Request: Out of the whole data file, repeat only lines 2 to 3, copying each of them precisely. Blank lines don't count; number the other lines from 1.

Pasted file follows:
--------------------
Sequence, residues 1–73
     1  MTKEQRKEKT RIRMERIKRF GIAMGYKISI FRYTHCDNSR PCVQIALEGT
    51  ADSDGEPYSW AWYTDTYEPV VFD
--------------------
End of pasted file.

     1  MTKEQRKEKT RIRMERIKRF GIAMGYKISI FRYTHCDNSR PCVQIALEGT
    51  ADSDGEPYSW AWYTDTYEPV VFD